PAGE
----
By: Bryan Montgomery
Rating: 5.5 out of 10
The collective Marvel Cinematic and DC Universes have spoiled moviegoers over the last seven years. Formerly a genre that was rife with misfires such as Daredevil, Elektra and Batman & Robin, films such as Iron Man, Captain America: The Winter Soldier and Christopher Nolan’s Dark Knight trilogy have helped redefine the expectations for the superhero genre. It is for this reason why the reboot of the Fantastic Four franchise fails so miserably. Unable to present a cohesive plot, Fantastic Four falls apart on several levels with disappointing characters, an awfully paced plot and some truly awful story decisions.
Reed Richards (Miles Teller), Ben Grimm (Jamie Bell), Sue Storm (Kate Mara) and Johnny Storm (Michael B. Jordan) are given powers after a failed mission to another dimension. The four learn how to use their powers and are soon put to the test when Doctor Doom (Toby Kebbell) puts the entire planet into harm’s way.
Teller, Bell, Mara and Jordan have all shown that they have the chops to be great pieces in the Fantastic Four universe, but they simply don’t have the opportunity to show how well they can dive into their characters. From the outset of the film, the movie moves at an absurd speed, taking forever for the pieces to come together for a completely lackluster third act. This comes at a cost, as the four actors are forced into exposition-laced dialogue and have character traits that simply make no sense.
We see that Johnny likes to street race, that Susan is adopted from Kosovo and needs music to think, Reed is unable to make romantic advances and Ben works at a junkyard. Oh, and you also find out that Victor von Doom is creepily attracted to Susan. Never before did I think that I would be begging for Chris Evans or Michael Chiklis to hop on camera and show some much-needed character, but I found myself thinking exactly that early on during Fantastic Four.
The opening stanza of Fantastic Four isn’t awful, but once the four acquire their powers, the movie takes a turn for the worse. First, the film skips ahead a year, to which we come back and see that the characters have already learned how to use their powers and are doing so on a regular basis.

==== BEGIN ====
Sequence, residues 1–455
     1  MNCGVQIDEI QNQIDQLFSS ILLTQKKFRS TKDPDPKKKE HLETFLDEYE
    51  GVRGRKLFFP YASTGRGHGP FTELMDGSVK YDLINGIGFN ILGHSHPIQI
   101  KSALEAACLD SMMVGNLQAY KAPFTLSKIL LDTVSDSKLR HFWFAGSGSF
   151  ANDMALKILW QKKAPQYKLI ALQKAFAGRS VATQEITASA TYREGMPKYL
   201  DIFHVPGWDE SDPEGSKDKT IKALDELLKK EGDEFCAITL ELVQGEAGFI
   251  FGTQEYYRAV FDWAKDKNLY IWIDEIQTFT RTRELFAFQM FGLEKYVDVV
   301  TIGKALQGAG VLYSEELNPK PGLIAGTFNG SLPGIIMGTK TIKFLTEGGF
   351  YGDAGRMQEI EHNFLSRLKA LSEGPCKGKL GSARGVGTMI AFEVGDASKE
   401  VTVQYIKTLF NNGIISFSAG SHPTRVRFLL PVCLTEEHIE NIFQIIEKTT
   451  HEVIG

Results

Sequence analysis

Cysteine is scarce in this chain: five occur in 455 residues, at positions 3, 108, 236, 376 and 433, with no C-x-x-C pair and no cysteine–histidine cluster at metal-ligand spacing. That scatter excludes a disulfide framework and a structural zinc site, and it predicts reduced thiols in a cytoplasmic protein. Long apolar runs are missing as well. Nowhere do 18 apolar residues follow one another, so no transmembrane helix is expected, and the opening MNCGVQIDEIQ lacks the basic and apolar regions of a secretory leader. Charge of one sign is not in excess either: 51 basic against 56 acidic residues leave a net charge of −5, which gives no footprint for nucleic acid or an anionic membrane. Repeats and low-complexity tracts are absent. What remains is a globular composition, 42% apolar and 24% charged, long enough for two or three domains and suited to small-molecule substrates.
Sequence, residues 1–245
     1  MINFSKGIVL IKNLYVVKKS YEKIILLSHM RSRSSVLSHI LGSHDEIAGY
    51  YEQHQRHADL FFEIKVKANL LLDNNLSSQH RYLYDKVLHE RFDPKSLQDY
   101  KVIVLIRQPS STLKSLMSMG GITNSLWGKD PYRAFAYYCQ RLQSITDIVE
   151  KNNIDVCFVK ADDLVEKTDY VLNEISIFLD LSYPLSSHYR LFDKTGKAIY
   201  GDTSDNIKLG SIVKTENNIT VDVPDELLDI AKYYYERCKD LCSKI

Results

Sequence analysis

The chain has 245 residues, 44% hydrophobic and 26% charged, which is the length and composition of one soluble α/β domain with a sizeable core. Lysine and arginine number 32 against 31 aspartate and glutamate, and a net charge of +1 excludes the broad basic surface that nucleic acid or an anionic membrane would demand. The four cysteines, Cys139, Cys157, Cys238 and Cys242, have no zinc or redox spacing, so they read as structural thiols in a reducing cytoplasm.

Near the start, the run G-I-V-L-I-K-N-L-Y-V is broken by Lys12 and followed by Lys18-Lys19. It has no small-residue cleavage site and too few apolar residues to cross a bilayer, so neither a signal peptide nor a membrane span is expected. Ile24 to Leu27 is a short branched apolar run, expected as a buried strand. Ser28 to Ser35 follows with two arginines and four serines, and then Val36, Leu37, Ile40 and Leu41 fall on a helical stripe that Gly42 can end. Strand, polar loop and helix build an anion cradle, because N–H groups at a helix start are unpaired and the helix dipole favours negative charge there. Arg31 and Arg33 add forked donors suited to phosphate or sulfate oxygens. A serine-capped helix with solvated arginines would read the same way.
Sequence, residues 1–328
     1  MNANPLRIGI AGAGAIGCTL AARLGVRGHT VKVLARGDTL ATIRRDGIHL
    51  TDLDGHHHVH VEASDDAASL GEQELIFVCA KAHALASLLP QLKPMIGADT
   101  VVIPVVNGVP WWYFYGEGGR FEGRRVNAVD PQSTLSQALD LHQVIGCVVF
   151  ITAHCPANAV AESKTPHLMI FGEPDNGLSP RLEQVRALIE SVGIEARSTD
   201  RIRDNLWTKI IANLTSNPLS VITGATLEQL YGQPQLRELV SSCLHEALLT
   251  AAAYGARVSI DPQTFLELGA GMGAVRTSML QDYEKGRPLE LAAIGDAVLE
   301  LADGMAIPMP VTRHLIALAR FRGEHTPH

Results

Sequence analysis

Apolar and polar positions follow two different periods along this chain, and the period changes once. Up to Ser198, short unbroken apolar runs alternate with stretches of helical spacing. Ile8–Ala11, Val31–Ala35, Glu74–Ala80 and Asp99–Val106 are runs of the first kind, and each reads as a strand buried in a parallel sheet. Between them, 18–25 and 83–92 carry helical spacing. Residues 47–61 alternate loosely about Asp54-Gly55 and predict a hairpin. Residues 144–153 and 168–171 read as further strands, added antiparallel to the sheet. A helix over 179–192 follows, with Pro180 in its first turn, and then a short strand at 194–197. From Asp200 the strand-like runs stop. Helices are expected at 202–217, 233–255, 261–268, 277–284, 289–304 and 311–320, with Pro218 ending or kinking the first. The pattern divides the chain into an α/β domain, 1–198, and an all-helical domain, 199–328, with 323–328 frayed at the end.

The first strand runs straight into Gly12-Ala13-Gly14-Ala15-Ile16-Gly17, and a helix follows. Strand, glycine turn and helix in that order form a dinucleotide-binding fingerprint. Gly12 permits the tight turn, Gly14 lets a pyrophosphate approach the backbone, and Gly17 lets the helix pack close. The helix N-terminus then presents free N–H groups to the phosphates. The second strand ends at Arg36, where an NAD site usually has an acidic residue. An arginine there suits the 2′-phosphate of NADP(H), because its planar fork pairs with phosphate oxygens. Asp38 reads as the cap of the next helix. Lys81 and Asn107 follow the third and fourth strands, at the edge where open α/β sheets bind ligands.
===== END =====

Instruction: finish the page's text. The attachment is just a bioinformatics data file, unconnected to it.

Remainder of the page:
It’s a stunning turn because it takes the best aspects out of the origin story, seeing these characters develop after they have acquired their abilities and the battle they have before realizing that they are, in fact, heroes. As soon as this reveal occurred it was easy to see the writing on the wall, as the third act is nothing short of a disaster, culminating in the worst payoff to a superhero movie yet.
One key component for the movie’s failure to deliver in the third act is the attention given to Dr. Doom. This is not the fault of Kebbell, who we have seen can play the villain properly; if you need a point of reference, watch his turn as Koba in Dawn of the Planet of the Apes. However, he is given absolutely nothing to work with in Fantastic Four, essentially diluted to a cookie-cutter villain who shows up late in the movie and is severely mishandled. Doom shows up, spews exposition, kills people with absolutely no rhyme or reason, then clashes with the heroes in the predictable final battle. It’s all so regimented and predictable that it gives viewers the feeling like FOX is questioning their intelligence by placing this dumb course of events in front of us.
The entire film has the feeling of a movie that was made just because it could. No desire to make a high-quality movie, no reason to make a FOX film that is equitable or one that is comparable to the outstanding X-Men franchise, Fantastic Four has the feel of a film made by a studio that is afraid of losing one of its remaining licenses to superhero movies. Throughout the film is just a lazy sense of care, as it is obvious when the re-shoots occurred, just looking at the acne or facial hair on Teller or the color of Mara’s hair throughout the movie makes the reshot scenes blatantly obvious. It’s almost laughable and definitely upsetting how little dedication FOX seemingly put into this film that cost over $100 Million to make.
Simply put, there is so much more to vet regarding this film, but it can be boiled down to a simple fact; don’t waste your time. Fantastic Four is easily the biggest disappoint of the summer. The trailers and commercials are not indicative of this colossal train wreck, as a slow-paced opening stanza gives way for a final act that specializes in the ridiculous and lacks any small shred of mediocrity. Save your money or go watch Mission Impossible: Rogue Nation. Let’s all hope that FOX loses their Fantastic Four creative license and Marvel Studios gets a chance to make their first family a proper feature film.